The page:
Using the service is simple. You can directly reference the libraries via URI like so:
Alternatively, you can use Google’s API thusly:
The first argument is the name of the library and the second is the desired version.
184.108.40.206. But you can specify any increment level and it will serve up the latest version. For example if you specify version
1.6 you’ll get the latest
1.6 incremental version, what ever that may be. The same happens if you specify version
1, and if you don’t specify any version you’ll get the latest version available.
However, I noticed something even niftier when doing some testing, the
Cache-Control header value is adjusted to suit the request. When specifying a specific incremental version, the header value looks like this:
Cache-Control: public, max-age=31536000
This informs any caching mechanism that cares to honor Cache-Control headers that the content is safe to cache for up to a year. When a more general version is specified you get this:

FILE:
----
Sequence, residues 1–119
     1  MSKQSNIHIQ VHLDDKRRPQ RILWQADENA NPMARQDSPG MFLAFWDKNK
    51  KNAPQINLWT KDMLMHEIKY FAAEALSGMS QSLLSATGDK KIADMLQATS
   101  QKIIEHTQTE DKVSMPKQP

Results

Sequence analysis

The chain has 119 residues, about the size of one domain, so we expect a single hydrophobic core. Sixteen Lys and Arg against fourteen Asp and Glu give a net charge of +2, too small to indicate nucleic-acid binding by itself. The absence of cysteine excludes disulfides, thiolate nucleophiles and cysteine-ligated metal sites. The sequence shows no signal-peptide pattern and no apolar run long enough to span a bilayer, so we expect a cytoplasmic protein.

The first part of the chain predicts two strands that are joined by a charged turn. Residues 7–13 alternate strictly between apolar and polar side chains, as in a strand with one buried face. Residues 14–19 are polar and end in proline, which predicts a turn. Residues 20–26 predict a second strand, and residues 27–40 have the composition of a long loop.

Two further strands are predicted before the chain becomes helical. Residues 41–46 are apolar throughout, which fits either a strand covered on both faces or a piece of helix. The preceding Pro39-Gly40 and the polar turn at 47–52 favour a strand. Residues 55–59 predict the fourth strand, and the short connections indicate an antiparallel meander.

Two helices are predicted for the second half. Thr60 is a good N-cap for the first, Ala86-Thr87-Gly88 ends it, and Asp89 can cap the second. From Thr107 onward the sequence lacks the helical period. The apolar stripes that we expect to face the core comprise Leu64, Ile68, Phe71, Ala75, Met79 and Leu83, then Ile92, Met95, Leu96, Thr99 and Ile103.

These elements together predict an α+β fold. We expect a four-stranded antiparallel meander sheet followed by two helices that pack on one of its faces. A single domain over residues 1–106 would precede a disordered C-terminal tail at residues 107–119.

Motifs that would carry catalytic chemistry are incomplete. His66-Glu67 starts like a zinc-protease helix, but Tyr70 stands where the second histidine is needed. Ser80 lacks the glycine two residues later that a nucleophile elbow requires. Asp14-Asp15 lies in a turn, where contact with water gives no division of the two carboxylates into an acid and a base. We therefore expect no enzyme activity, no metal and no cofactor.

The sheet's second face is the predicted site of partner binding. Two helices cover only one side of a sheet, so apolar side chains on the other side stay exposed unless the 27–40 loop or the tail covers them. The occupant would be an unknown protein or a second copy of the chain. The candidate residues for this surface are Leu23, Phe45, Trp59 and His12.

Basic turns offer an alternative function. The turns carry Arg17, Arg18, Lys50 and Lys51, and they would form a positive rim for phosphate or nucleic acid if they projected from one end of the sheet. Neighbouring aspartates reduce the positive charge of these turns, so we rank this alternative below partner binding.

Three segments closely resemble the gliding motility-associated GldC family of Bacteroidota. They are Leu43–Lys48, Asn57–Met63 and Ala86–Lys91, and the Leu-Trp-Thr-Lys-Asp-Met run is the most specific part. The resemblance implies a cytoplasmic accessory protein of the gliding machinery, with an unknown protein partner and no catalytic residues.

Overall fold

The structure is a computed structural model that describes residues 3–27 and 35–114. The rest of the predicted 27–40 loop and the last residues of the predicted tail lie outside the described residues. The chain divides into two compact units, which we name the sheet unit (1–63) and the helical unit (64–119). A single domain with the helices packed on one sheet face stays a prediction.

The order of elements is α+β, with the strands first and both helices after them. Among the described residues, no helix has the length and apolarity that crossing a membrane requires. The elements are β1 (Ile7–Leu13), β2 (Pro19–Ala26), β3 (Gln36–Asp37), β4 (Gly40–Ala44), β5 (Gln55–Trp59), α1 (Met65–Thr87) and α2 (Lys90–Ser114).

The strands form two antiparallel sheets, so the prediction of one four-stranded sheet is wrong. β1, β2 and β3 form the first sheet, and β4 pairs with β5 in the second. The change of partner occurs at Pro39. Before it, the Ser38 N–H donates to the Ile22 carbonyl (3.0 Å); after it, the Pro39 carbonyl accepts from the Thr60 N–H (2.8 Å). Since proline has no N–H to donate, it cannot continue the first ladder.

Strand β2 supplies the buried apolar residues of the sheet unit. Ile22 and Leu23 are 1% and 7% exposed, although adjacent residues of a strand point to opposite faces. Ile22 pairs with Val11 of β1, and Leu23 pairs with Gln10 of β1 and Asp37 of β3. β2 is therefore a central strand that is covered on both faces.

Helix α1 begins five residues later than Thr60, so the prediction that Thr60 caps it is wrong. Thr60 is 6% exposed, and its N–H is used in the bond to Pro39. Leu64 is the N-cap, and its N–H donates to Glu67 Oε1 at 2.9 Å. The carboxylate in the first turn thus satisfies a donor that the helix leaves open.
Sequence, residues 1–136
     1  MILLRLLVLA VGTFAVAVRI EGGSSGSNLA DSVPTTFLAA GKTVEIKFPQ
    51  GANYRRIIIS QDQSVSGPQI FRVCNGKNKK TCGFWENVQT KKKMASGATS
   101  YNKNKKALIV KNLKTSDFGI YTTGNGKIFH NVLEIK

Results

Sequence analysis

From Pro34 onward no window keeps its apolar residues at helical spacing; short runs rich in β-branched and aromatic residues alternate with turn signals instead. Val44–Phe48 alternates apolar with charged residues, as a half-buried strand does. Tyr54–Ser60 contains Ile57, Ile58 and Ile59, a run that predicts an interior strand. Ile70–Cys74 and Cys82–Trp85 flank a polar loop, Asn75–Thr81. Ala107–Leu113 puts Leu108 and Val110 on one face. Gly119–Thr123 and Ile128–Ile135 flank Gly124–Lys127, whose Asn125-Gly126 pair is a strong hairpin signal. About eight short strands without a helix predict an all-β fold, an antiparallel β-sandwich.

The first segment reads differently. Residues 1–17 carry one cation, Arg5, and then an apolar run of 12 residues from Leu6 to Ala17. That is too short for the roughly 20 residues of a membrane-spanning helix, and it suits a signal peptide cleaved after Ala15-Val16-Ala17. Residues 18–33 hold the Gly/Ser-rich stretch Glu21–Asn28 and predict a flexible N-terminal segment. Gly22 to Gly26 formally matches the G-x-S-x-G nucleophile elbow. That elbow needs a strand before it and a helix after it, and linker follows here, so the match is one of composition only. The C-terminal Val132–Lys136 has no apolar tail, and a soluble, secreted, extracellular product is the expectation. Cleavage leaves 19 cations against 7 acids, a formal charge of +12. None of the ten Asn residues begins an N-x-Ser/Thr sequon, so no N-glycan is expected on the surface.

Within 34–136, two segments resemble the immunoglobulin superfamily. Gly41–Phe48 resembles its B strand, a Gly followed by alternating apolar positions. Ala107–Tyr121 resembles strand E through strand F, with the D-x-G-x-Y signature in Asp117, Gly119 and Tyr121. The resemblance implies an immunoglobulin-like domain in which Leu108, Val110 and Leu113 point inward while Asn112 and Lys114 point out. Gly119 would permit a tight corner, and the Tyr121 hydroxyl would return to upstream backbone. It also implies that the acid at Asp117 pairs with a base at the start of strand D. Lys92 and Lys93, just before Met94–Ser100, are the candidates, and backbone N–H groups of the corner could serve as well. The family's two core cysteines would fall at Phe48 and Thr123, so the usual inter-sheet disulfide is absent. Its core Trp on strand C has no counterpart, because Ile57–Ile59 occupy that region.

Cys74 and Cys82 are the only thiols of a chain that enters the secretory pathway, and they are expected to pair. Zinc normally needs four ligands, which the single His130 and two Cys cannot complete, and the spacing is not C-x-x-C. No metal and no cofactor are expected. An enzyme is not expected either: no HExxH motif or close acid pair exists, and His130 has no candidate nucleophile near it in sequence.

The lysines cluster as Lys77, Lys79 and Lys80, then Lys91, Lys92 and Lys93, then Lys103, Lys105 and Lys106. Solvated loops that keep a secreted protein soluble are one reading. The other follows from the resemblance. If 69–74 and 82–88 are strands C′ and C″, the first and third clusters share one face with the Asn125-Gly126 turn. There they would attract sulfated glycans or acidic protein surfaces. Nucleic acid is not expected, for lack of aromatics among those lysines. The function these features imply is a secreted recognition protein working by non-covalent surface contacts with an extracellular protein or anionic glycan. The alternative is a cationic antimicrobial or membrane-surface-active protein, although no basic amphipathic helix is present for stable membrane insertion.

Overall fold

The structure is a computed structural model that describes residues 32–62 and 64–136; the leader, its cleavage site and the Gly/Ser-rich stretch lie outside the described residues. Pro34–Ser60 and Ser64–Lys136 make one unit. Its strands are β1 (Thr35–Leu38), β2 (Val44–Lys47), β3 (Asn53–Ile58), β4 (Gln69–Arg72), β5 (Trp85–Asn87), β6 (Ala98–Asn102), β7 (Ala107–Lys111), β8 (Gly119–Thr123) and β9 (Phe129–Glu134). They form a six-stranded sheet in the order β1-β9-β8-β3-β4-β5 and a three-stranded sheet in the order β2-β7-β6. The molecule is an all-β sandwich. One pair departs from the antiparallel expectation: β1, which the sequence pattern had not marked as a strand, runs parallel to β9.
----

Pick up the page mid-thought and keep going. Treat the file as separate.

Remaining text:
Cache-Control: public, max-age=3600, must-revalidate, proxy-revalidate
This informs caches that the content should be checked for changes hourly, to ensure the latest version is delivered.
The documentation only mentions versioning in association with the
google.load API call but all the following direct URIs seem to work and deliver Prototype 220.127.116.11:
Currently Google hosts:
Some of those libraries also have minified versions.
When announcing the API on Ajaxian, Don also said something very interesting about the future of this kind of service:
If we see good usage, we can work with browser vendors to automatically ship these libraries. Then, if they see the URLs that we use, they could auto load the libraries, even special JIT’d ones, from their local system. Thus, no network hit at all!
addEvent method; so much wasteful duplication of code. The availability of common frameworks has stopped the duplication and offers a useful level of abstraction. I think Google’s new service is a great step in the right direction.